In September, Third Sector revealed a lack of diversity at the helm of the UK's 50 biggest charities that raise funds from the public. Among the headline figures was that only 15 of the 50 were led by women.
New research on the same 50 charities has found an even bigger gender gap at the top of finance departments: only nine have female directors. This is despite a survey of global businesses in 2012, by the accountancy firm Grant Thornton, that found finance was second only to HR as the department most likely to have a female leader.
"This seems to be in line with FTSE 100 companies, so it's not that surprising," says Diane Bassett, corporate services director at the environmental charity the South West Lakes Trust. The issue was recently raised by a member survey of the Charity Finance Group, of which Bassett is deputy chair. "In 2015/16, CFG will look at where there are barriers to female career progression and how we can support development," she says.
Mark Salway, who is leaving his post as FD of Care International UK in November, says that achieving equality and enabling female career progression internally go hand in hand with the NGO's mission. "Addressing gender inequality is an effective strategy for reducing poverty and tackling social injustice," says Salway, also a visiting lecturer at the Cass Centre for Charity Effectiveness. "We want to reflect this in how we operate."
Although half of Care's directors are women, this compares with 62 per cent of managers. As part of Care's drive to become what Salway calls "a more gender-sensitive organisation", he says it has worked through its HR policies and their implications, and all staff have received gender training that looks at power dynamics between the sexes.
Charities generally have a more female-friendly culture than corporates, according to Kate McLeod, chief financial officer at the learning disability charity Mencap and one of the nine female FDs in the top 50 charities. "I worked at a large investment bank, and I can say that I've never seen in the charity sector the same cultural barriers to senior female employment I found in the corporate world," she says.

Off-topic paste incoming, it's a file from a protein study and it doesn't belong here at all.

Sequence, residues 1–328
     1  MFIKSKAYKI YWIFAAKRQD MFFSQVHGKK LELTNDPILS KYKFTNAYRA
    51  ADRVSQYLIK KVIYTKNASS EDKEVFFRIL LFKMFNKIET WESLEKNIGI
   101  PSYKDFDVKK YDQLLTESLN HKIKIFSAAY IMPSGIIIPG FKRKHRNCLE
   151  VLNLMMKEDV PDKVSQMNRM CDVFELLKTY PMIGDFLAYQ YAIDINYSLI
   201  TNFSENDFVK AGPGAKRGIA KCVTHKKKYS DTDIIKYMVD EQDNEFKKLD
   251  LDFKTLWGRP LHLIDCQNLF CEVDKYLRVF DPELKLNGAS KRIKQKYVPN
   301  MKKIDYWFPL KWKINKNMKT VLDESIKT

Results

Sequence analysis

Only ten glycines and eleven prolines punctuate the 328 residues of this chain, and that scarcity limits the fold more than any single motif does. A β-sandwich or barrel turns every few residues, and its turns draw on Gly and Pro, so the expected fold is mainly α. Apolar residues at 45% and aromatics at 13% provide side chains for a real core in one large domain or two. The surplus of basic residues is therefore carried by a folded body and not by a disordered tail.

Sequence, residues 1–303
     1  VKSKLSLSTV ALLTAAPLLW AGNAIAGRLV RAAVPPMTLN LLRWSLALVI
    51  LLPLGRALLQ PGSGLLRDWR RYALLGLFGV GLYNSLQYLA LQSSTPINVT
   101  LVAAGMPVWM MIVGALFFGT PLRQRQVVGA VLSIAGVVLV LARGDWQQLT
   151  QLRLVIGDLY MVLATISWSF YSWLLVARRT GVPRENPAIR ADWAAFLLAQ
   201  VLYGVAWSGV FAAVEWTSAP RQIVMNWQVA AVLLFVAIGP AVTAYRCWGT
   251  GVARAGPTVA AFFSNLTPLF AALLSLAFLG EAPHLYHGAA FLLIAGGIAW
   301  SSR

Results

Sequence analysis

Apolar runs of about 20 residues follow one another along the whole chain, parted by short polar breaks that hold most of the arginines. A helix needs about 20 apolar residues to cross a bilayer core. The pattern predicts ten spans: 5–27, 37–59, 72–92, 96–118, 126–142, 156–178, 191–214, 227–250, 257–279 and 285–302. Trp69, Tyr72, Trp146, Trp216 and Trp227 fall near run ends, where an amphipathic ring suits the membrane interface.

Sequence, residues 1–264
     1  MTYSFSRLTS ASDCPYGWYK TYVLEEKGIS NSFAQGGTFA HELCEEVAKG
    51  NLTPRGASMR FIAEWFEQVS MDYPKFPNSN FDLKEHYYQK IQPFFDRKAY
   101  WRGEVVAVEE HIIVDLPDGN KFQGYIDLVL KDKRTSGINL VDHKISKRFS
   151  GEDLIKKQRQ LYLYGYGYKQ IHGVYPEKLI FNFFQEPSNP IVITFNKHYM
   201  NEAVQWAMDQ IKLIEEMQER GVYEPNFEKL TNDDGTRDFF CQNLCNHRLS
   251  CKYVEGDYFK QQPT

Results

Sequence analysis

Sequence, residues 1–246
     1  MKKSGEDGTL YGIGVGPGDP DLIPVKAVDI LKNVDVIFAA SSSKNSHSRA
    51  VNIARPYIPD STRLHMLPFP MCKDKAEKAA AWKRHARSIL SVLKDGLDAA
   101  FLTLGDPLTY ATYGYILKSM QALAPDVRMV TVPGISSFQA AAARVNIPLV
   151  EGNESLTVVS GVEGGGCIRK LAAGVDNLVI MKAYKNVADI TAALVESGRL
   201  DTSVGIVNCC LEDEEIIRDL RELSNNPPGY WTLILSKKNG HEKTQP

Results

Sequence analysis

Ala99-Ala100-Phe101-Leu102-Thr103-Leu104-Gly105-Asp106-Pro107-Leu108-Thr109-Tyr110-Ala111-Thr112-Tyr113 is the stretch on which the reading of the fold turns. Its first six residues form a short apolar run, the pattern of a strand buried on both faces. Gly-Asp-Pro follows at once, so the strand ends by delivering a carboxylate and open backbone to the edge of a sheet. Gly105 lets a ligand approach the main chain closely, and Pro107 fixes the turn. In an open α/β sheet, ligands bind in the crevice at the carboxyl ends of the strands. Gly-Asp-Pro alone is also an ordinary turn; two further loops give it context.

McLeod says a number of historical and cultural factors are behind the male dominance of finance, such as the fact that girls are less likely to be encouraged to pursue mathematics at school. "It might be that the low representation of women in FD roles is endemic to the finance world, rather than specific to the charity sector," she says.
Across all sectors, one factor often considered likely to result in fewer women taking top jobs is that women are culturally more likely to take career breaks or switch to part-time working to look after children. Kate Sayer, a partner at the accountancy firm Sayer Vincent, agrees that being FD of a large charity is not a part-time role, but does not think this is relevant to the gender debate. She says: "I think that's looking at it in an old-fashioned way - why should it be that men wouldn't want to work part-time?
"The intake into chartered accountancy firms has been 50:50 for some time now, so it is surprising that we don't have more balance among charity FDs."
But Sayer is not overly concerned by the nine-out-of-50 figure. She thinks a broader survey would reveal more women at the helm of finance teams; and she wonders if this survey matters. "I don't think people pay that much attention to what the top 50 charities do - they're not representative of the sector as a whole," she says.